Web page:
“I decided to come myself,” Immelt said yesterday as he made a rare appearance by a U.S. chief executive officer before France’s National Assembly. He cast the offer as an alliance, said the Alstom brand “lives on” and assured the politicians that “with 10,000 employees across the country, some might even mistake GE for a large French company.”
The campaign in Paris continued today as Immelt met with President Francois Hollande and pledged to create 1,000 local jobs, a person familiar with the matter said. The 58-year-old CEO is working to overcome French resistance to the biggest deal in GE’s 122-year history, an acquisition that holds the potential to bolster not only GE’s sagging stock performance but also Immelt’s legacy.
“He’s completely frustrated,” said David Magee, who spent time with the executive when writing the 2009 book “Jeff Immelt and the New GE Way.” “He knows his legacy will be marked by that stock price. He wants that recognition and he wants it in one place: on Wall Street.”
On both sides of the Atlantic, Immelt preaches optimism about the deal for Alstom, which is based in the Paris suburb of Levallois-Perret. Even French Economy Minister Arnaud Montebourg began softening his opposition today after the Immelt-Hollande meeting, saying GE “brought better proposals to the table.”
Acquiring Alstom would accelerate Immelt’s plan to return Fairfield, Connecticut-based GE to its industrial roots and could be a chance to invigorate the shares, which are little changed since GE made an offer last month for the French maker of high-speed TGV trains and power equipment. GE didn’t make Immelt available for an interview.
A deal also could help Immelt step out of the shadow of much-lauded predecessor Jack Welch. For the better part of 13 years, Immelt has worked 100-hour weeks to expand sales and earnings to record levels. Investors have largely shunned the stock, which has lost a third of its value since he took over.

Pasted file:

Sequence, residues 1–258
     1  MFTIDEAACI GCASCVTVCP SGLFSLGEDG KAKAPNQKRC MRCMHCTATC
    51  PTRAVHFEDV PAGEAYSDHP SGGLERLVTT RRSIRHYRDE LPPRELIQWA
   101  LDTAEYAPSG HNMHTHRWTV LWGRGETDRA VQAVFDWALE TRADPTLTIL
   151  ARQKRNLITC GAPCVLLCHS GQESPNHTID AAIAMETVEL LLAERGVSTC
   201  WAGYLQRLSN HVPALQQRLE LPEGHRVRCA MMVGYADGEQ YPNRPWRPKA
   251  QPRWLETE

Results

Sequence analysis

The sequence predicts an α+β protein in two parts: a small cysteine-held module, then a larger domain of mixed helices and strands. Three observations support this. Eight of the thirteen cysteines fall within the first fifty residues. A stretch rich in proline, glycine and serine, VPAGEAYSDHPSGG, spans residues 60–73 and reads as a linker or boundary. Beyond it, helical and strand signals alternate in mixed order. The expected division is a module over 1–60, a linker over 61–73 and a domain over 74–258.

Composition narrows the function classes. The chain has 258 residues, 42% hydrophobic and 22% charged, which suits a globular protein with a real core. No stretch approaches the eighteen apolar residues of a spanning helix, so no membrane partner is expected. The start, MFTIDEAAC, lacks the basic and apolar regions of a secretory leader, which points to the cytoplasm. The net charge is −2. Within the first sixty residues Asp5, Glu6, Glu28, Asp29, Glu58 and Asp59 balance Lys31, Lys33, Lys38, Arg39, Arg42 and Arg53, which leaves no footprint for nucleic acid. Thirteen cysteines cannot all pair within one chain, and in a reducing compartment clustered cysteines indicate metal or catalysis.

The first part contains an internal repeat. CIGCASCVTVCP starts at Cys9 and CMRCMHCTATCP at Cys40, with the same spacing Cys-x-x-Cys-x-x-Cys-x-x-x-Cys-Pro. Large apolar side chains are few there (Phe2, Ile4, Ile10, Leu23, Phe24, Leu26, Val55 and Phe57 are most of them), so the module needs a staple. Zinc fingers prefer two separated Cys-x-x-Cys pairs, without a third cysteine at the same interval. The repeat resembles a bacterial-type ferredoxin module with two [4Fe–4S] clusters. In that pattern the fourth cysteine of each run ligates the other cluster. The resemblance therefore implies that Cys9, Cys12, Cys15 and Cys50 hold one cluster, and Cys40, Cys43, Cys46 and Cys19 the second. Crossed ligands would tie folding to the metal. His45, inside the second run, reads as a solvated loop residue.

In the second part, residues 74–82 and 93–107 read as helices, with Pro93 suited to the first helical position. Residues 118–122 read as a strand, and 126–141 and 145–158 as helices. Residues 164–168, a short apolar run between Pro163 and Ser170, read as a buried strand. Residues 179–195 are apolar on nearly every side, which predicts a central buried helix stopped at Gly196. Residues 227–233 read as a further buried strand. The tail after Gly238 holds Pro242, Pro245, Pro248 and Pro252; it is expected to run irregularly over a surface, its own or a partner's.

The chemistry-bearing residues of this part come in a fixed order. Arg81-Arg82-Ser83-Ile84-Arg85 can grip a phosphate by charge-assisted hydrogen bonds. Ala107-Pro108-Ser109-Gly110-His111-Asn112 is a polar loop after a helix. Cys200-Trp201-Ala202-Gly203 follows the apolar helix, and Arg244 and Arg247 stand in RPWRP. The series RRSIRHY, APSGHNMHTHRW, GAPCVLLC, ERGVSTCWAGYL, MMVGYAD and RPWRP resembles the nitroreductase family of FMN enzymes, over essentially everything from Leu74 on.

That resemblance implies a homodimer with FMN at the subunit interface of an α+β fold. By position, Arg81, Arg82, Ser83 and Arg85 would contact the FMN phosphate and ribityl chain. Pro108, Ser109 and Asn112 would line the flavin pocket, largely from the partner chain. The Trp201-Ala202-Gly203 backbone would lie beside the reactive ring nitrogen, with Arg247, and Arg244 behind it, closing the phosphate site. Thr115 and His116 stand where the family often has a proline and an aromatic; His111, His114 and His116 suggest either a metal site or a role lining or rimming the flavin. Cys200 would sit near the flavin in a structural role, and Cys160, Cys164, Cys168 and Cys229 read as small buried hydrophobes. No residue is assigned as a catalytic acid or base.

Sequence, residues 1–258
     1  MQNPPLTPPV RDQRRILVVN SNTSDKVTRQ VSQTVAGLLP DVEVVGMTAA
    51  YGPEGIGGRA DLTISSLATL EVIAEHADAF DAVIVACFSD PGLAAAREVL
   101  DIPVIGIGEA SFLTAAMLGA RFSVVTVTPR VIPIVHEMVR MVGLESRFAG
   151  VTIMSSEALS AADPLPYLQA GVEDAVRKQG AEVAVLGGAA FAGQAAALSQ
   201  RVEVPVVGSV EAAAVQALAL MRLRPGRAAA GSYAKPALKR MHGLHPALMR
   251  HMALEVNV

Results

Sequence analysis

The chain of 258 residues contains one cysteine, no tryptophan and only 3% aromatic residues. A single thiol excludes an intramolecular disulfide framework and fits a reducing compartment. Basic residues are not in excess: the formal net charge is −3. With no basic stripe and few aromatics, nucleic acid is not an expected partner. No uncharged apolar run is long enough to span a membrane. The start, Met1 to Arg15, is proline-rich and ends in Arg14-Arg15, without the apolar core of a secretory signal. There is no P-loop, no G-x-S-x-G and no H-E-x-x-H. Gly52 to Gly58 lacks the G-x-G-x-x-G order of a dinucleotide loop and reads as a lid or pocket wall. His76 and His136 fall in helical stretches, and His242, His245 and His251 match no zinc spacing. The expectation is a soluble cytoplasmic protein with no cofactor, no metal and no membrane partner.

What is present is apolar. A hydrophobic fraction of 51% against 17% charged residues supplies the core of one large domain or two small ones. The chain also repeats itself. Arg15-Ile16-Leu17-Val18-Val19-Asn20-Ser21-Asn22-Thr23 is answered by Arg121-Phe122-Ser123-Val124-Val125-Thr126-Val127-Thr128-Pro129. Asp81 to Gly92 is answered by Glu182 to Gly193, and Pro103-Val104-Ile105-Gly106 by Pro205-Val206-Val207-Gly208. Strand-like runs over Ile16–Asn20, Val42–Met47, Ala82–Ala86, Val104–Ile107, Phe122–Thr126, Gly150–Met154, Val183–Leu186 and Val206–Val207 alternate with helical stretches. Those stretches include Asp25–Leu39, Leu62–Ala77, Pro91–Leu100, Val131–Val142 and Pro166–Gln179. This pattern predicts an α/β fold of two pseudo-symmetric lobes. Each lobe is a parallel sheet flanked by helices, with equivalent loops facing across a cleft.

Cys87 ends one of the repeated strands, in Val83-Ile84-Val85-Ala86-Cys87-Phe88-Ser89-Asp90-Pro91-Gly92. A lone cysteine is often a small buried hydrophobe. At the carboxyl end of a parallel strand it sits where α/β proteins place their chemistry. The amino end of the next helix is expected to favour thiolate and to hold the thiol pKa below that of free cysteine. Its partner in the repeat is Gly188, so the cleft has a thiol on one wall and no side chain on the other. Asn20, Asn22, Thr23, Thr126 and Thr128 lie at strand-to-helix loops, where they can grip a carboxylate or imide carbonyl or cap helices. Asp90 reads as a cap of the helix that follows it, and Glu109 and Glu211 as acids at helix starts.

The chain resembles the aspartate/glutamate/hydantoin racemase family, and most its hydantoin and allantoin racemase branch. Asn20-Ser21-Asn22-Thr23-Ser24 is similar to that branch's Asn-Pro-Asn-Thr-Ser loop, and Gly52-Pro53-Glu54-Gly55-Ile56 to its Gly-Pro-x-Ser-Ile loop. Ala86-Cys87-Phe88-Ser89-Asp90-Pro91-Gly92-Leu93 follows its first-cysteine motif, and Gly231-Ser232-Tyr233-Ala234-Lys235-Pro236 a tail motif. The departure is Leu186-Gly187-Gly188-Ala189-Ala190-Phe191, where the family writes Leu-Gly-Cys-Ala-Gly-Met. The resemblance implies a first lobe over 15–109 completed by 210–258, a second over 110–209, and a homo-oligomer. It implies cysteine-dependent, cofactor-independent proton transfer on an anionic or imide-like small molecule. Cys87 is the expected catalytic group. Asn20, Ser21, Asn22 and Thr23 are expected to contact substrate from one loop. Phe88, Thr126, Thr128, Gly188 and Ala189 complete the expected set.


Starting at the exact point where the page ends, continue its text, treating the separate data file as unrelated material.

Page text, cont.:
“The market, I think, is starting to appreciate what he’s doing and I believe they will continue to appreciate him,” Nelson Peltz, the billionaire founding partner and CEO of New York-based Trian Fund Management LP who has known Immelt for a decade, said in an interview. “Jeff is a solid guy who’s trying to build the business the right way.”
It hasn’t been easy. French political leaders have said they favor a bid for Alstom from Munich-based Siemens AG, which has yet to submit a formal offer. Immelt also found himself following Siemens’s France chairman, Christophe de Maistre, in addressing the National Assembly yesterday.
The CEO, a Harvard Business School graduate who has spent almost his entire career at GE, faced unexpected challenges when he took over four days before the 9/11 terror attacks in 2001. Exposed to both the insurance and aviation industries, GE watched its shares fall 11 percent in a day. After Welch steered GE through the go-go 1990s, Immelt inherited a rapidly falling stock and had to contend with two recessions and a subsequently weak global economy.
Some on Wall Street say he poorly played the tough hand he was dealt. Immelt has been faulted for overpaying for acquisitions, such as the $10.3 billion stock takeover of U.K.- based biotechnology company Amersham Plc, and selling other assets at the wrong time.